School shootings and recorded police violence (recorded being the operative word) over the last decade, and the vigorous protests that have followed them, have made social justice activism an urgent issue among Seventh-day Adventists. Adventists—especially those 40 and below—demand to know: “What are Adventists doing to bring about social justice?” “What are Adventist leaders and churches and members doing in response to these high schoolers mowed down in their school by a hail of bullets or this murdered black man who had his hands up?” “Are there really Adventists who believe that we should just stand idly by doing nothing as these atrocities occur right in front of us?”
Although some in the church claim that young Adventists do not consult the Spirit of Prophecy as did their parents or grandparents, I have encountered many Adventist youth who still look to Ellen White for guidance on this and other issues. They want to know what she says about social justice activism.
This two-part series will explore what Ellen White says about social justice activism, with thirty quotes each from the pen of Ellen White in roughly chronological order that address aspects of social justice. Social justice activism is here defined as intentionally doing something to bring about greater justice in society. This definition is rightfully broad as there are endless ways to go about changing society.
Ellen White’s statements on Adventists and political involvement have been treated in other places, and that is not the concern here. It is my stance that social justice activism can be quite separate from partisan politics and that the activism that most Adventist youth participating in is about human justice, not blue or red.
Our Adventist DNA
Let me begin by pointing out that Ellen White was a cofounder of the Seventh-day Adventist Church. Seventh-day Adventists are Protestants, and Protestants arose from protesting injustice. Adventists believe that they are divinely called to preach the four angels’ messages, which includes the identification of Babylon (Revelation 14:9), and a long cataloguing of Babylon’s injustices that are “cried mightily with a strong voice” (see Revelation 18). Adventists hold that their final stint on earth will be protesting a universal injustice: religious and civil freedom vs. the mark of the beast. One might say that protesting injustice is in the spiritual DNA of Adventists.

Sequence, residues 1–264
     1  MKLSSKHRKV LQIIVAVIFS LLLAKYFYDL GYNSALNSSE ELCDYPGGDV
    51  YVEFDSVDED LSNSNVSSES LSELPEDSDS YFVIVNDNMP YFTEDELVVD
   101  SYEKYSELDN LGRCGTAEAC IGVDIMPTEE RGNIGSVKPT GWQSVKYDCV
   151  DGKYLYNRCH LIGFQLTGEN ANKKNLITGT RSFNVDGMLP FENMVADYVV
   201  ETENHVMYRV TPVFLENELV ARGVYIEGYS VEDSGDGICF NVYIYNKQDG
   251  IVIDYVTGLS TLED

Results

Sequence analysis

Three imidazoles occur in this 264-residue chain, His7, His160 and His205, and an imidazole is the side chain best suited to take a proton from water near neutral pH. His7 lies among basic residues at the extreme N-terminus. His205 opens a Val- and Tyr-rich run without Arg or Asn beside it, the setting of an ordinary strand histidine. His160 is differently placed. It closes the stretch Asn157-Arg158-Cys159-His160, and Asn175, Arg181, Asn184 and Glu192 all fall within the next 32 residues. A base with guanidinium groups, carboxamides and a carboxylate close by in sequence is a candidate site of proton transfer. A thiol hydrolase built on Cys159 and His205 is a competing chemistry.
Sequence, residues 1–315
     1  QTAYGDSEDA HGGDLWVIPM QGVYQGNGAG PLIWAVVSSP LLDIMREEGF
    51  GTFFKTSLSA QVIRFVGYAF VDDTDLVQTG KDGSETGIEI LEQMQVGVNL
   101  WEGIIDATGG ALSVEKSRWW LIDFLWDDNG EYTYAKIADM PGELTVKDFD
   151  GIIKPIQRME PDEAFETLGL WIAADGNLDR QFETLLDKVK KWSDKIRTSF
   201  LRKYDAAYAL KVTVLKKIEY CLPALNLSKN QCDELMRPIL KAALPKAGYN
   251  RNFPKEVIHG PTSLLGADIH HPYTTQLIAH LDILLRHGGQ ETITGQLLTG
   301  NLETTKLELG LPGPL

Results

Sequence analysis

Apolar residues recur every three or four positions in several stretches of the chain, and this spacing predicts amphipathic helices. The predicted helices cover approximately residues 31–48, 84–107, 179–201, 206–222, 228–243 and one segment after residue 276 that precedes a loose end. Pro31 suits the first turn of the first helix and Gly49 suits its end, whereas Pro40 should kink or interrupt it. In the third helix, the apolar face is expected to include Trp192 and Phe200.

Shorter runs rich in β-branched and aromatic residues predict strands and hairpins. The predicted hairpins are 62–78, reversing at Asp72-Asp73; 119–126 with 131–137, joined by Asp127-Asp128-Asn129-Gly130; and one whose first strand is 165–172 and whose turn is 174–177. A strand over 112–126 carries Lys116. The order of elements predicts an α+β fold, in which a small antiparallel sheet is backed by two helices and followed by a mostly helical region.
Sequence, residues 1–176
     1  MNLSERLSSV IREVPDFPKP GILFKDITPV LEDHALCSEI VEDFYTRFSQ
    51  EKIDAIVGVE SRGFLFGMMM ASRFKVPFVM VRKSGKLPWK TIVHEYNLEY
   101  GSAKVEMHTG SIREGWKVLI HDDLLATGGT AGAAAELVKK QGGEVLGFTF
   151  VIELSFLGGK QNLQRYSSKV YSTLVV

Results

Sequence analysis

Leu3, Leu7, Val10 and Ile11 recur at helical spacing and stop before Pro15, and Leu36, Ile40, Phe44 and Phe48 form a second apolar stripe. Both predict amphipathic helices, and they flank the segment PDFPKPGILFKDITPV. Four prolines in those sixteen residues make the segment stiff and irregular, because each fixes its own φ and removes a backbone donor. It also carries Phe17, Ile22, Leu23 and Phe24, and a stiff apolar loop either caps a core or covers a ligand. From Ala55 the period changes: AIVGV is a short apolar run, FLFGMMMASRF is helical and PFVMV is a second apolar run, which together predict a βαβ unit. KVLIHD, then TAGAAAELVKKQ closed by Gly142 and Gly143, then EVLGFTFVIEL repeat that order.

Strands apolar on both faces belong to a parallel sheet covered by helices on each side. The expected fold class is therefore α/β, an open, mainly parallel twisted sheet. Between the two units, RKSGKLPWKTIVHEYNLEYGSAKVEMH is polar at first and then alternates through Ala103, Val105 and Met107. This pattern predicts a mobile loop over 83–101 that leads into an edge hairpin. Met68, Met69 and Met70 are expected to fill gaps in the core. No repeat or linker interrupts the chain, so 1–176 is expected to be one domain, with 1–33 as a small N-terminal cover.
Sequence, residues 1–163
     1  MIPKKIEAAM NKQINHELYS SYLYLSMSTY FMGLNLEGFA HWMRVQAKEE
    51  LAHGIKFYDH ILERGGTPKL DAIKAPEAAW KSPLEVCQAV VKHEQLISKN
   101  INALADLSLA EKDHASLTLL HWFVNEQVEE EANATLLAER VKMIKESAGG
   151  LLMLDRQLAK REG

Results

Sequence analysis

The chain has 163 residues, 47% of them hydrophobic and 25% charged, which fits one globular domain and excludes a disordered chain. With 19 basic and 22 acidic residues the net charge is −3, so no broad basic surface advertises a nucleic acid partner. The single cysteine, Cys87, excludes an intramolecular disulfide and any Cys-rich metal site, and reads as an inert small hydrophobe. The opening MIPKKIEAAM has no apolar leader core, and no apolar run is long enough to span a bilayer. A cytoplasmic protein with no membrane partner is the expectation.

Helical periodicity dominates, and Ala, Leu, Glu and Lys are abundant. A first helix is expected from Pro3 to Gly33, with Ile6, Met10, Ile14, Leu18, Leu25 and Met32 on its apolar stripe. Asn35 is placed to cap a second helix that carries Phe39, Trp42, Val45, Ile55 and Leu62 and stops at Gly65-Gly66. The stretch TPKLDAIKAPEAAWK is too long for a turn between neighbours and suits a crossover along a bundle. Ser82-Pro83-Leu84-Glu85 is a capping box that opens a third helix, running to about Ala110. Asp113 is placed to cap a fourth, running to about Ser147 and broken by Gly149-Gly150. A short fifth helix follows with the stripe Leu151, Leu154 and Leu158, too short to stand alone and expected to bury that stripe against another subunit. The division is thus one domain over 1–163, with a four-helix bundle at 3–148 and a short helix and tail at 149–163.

A word about Ellen White, the person. First, I believe that she was, in the best sense, a radical: that is, her life and writings are unapologetically and unswervingly for the advancement of the Advent Movement. White strongly held that when the truths of Adventism—which are simply a revelation of the person of Jesus Christ—are applied to one’s life, heart, and society, they will remediate all of society’s injustices.
Adventist youth should also know that the same issues that are close to their hearts—social justice, equality, individual rights, inclusiveness—were close to Ellen White’s heart as well. Her life and writings are very clear that she was moved and pained when she saw or heard of oppression, violence, mistreatment, and injustice. The statements from her pen below will show that the same spirit of injustice alive and well today was present back then. And she condemned it as you do on today’s media—social media, blogs, articles, webcasts, meetings—in the media of her day. Also, like you, she did more than talk about it; she did something.
Before You Read